Sam & Dave recorded the song, with members of Booker T. and the M.G.s and the horn section from the Mar-Keys providing the musical accompaniment. Sam Moore and Dave Prater alternated singing the lead on different verses of the song. Two versions were released, one in mono and one in stereo. The difference is apparent on the first line of the song. In one version, Sam Moore enunciates the first line as “Comin’ to you,” and on the other he pronounces it more as “Comin’ to ya.”

When the song was released, it was a hit, placing at #2 on the Billboard Hot 100. Sam & Dave’s recording of Soul Man went on to win a Grammy award for Best Rhythm and Blues Group Performance, Vocal or Instrumental. It was later inducted into the Grammy Hall of Fame and the Rock and Roll Hall of Fame, among numerous other accolades.

The song has been covered numerous times over the years, most notably in 1978 by John Belushi and Dan Aykroyd as The Blues Brothers. Soul Man was the biggest of The Blues Brothers’ four Top 40 hits, placing at #14 on the Billboard Hot 100.

Two members of Booker T. and the M.G.s, guitarist Steve Cropper and bassist Donald “Duck” Dunn, were part of the Blues Brothers’ band. Thus they performed both on the Sam & Dave and Blues Brothers versions of Soul Man. On the 1967 record, after Cropper hits a few particularly strong notes, Sam Moore tells him “Play it, Steve!” and eleven years later Belushi – as Jake Blues – repeats the line to Cropper in the Blues Brothers recording.

Sam & Dave, 1967 (Mono)

View: https://youtu.be/S_OX2HwWy-o


Sam & Dave, 1967 (Stereo)

View: https://youtu.be/mYCs-Stpapw


The Blues Brothers, 1978

View: https://youtu.be/wdfImB4iOLo


Tomorrow: A heart of stone can turn to clay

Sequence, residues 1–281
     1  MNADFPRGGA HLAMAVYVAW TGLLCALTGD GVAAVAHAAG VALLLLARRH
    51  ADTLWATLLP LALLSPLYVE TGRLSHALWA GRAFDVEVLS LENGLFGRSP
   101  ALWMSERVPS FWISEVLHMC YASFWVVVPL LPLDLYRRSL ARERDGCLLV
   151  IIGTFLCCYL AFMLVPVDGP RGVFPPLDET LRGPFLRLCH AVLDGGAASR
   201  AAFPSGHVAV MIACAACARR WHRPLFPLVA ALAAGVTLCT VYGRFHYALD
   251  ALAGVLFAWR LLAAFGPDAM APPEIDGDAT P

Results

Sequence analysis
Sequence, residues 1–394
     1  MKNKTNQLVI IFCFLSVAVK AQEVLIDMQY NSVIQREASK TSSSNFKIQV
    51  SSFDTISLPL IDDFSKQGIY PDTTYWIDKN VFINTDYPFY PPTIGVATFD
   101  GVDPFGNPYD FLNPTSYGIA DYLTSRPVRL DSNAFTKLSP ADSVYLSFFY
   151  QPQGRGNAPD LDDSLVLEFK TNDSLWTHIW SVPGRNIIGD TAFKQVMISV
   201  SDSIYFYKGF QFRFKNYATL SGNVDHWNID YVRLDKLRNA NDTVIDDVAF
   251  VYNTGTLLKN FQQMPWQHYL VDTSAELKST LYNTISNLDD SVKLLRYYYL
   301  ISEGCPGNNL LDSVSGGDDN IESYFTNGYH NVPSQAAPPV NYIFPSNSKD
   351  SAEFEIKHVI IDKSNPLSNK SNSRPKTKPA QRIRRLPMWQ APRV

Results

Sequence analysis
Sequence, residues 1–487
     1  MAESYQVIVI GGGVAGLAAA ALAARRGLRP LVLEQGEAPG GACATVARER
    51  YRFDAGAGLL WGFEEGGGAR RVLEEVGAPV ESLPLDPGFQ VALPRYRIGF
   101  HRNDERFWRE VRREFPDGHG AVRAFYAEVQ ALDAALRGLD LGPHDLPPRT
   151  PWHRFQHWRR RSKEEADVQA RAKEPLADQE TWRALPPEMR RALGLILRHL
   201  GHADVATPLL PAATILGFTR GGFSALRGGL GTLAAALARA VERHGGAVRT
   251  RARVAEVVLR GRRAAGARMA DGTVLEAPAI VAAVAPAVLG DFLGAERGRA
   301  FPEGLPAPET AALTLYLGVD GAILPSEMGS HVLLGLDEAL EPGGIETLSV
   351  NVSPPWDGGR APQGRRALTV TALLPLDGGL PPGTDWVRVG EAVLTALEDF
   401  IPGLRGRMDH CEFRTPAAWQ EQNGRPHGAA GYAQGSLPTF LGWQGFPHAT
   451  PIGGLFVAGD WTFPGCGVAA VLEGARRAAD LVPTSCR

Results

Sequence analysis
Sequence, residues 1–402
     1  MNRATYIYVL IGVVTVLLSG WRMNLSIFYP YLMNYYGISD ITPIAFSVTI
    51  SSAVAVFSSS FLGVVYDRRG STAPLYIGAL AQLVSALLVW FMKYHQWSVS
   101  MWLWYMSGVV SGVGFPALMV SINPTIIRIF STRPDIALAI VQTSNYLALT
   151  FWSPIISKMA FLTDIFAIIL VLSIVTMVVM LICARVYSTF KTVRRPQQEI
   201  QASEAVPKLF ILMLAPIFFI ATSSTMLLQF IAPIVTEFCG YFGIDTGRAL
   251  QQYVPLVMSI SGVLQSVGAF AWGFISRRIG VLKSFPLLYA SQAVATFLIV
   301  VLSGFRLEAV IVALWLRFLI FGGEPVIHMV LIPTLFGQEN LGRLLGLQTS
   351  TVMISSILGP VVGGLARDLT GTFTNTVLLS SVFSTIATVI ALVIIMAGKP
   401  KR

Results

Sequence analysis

psychicdeath

Member
Jan 21, 2015
780
1,370
Dave's Song of the Day

You Can Do Magic – America

Thursday song of the day: Today’s song was a comeback hit for this popular 1970s soft rock group.




The singing trio America was a popular act in the early- and mid-1970s, starting off with their debut single A Horse with No Name hitting #1 on the Billboard Hot 100 in 1972. The hits continued for a few years, including several in the Top Ten and another #1 with Sister Golden Hair in 1975. In the late 1970s, however the hits dried up.

In 1982, America was now a duo of Gerry Beckley and Dewey Bunnell as the other founding member, Dan Peek, had left. The band hadn’t had a Top 40 hit in six years, despite releasing three albums since then. Previously, America had written most of their own songs, but this changed in the 1980s after the band started to fade commercially. When working on their newest album, View from the Ground, they enlisted the help of songwriter and producer Russ Ballard at the suggestion of an executive from their record label. Ballard had started his career as guitarist and lead singer for the band Argent. He had sung on Argent’s biggest hit, Hold Your Head Up, in 1972 and later went on to write for Argent and many other artists. By the late 1970s, he was more known as a writer and producer than as a recording artist, particularly with his work for KISS. (Two Russ Ballard compositions have been Song of the Day before, New York Groove on March 1st, 2020 here: New York Groove – Hello and I Know There’s Something Going On on August 3rd, 2020 here: I Know There’s Something Going On – Frida ) While Ballard’s roots were in harder rock, he was also comfortable writing softer songs. For America’s 1982 View from the Ground album, he wrote two songs, Jody and You Can Do Magic. He also produced those tracks on the album, as well as playing guitar, bass, and keyboards and providing backing vocals.

You Can Do Magic was the first single from the album and climbed to #8 on the Billboard Hot 100 chart. This made it America’s first Top 40 hit since 1976 and reestablished them as a popular band after several years of fading popularity.